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Every day brings more examples of the culture of impunity and dehumanizing cruelty that defines CBP (Customs and Border Protection) and our entire immigration enforcement system. President Trump, who has called the reports about horrific conditions for migrants, asylum-seekers and children in government care a “hoax”, has encouraged and defended these practices. Little wonder that the volume of horrific reports detailing new and disturbing revelations continue.
The latest comes in the form of an NBC News report, “Migrant kids in overcrowded Arizona border station allege sex assault, retaliation from U.S. agents,” which notes:
The poor treatment of migrant children at the hands of U.S. border agents in recent months extends beyond Texas to include allegations of sexual assault and retaliation for protests, according to dozens of accounts by children held in Arizona collected by government case managers and obtained by NBC News.
…A 15-year-old girl from Honduras described a large, bearded officer putting his hands inside her bra, pulling down her underwear and groping her as part of what was meant to be a routine pat down in front of other immigrants and officers. The girl said ‘she felt embarrassed as the officer was speaking in English to other officers and laughing’ during the entire process, according to a report of her account.
The conditions cannot be blamed purely on overcrowding, per the NBC report. Instead, they are evidence of a dehumanizing cruelty, retaliation against those who complain and the culture of impunity that needs reform and accountability:
…in nearly 30 accounts … kids who spent time in the Yuma border station repeatedly described poor conditions that are not pure byproducts of overcrowding. They reported being denied a phone call, not being offered a shower, sleeping on concrete or outside with only a Mylar blanket, and feeling hungry before their 9 p.m. dinnertime.
The disturbing NBC report comes on the heels of several other investigative pieces, including: a joint investigative article by the New York Times and the El Paso Times, “Hungry, Scared and Sick: Inside the Migrant Detention Center in Clint, Tex,” detailing the horrifying conditions for children and the spread of disease inside the Clint facility for children; CNN’s report that Border Patrol agents tried to shame a migrant being held at a processing center in Texas by making the migrant hold a sign reading “I like men” – a detail reminiscent of the human rights violations inflicted against prisoners held at the infamous Abu Ghraib prison in Iraq. And multiple reports from the DHS Inspector General (IG) — the internal government watchdog for DHS — shows that the pattern and practice of horrific conditions for children and adults in immigration detention has long been known by the Trump administration.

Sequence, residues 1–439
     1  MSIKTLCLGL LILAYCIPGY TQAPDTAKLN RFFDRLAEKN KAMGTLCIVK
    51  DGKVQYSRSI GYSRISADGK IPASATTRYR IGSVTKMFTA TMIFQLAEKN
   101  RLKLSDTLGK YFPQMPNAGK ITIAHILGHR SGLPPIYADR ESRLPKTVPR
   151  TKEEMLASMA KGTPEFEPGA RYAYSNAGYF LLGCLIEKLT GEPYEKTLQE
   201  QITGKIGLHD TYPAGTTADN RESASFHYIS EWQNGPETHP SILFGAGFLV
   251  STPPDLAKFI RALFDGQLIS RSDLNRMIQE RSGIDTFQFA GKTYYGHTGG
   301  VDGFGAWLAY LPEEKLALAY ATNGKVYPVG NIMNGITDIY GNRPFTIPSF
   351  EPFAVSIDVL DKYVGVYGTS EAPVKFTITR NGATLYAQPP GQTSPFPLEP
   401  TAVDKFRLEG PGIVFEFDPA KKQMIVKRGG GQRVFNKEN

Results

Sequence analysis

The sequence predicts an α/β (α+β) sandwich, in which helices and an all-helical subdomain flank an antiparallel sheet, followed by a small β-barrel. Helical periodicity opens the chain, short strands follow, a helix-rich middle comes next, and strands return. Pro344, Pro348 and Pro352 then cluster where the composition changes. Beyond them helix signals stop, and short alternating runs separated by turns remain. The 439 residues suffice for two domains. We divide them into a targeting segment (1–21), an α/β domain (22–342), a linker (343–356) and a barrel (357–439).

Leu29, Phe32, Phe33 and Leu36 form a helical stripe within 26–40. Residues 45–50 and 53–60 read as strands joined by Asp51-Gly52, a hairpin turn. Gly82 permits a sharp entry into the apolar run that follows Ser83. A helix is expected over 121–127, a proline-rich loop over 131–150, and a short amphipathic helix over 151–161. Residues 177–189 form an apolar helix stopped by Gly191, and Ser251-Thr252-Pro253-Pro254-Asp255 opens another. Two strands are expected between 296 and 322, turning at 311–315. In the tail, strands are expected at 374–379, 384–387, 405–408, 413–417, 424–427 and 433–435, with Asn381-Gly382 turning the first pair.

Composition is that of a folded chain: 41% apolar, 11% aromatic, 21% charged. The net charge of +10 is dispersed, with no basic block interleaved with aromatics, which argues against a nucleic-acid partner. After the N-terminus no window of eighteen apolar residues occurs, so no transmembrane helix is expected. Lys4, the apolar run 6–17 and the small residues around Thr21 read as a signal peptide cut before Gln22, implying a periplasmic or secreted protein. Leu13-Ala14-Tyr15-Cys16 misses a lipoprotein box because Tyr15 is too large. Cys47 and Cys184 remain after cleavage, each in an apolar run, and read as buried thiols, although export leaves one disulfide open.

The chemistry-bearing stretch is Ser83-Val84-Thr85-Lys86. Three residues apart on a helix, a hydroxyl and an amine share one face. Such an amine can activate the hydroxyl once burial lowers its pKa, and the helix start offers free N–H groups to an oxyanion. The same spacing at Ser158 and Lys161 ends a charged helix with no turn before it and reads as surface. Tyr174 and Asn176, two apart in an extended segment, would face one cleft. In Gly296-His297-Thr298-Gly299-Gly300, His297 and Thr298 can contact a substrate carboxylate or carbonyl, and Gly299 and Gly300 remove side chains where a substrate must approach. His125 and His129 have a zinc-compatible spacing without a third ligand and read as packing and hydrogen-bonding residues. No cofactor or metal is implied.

Nonetheless, Trump calls the reports about the Clint facility a “hoax” and Acting DHS Secretary Kevin McAleenan continues his pattern of lying by falsely asserting that detention facilities are being run professionally, that reports of horrible conditions are unsubstantiated, and it’s all the fault of the Democrats.
According to Douglas Rivlin, Director of Communication for America’s Voice, “CBP, along with ICE, have a culture of impunity and we are witnessing the consequences in the stories being told by children who are being abused. Cruelty at the micro level of individual officers treating individual detainees abusively is reflective of the cruelty that starts at the top, in the White House and at DHS and CBP HQ. Let’s be clear, the revelations follow a consistent and disturbing theme that has more to do with dehumanizing cruelty than it does with a lack of resources or overcrowded conditions. Daily headlines of our government behaving atrociously and inhumanely towards children and families takes its toll on our national reputation as a defender of human rights. It’s hard to lecture Iran, North Korea or China on human rights abuses when reports of American abuses are blasted worldwide on a daily basis. A series of upcoming Capitol Hill hearings are sure to uncover more damning evidence for why these American agencies and this administration need real oversight and real accountability and why any vision for broader immigration reform must include serious plans to overhaul our immigration detention procedures and infrastructure.”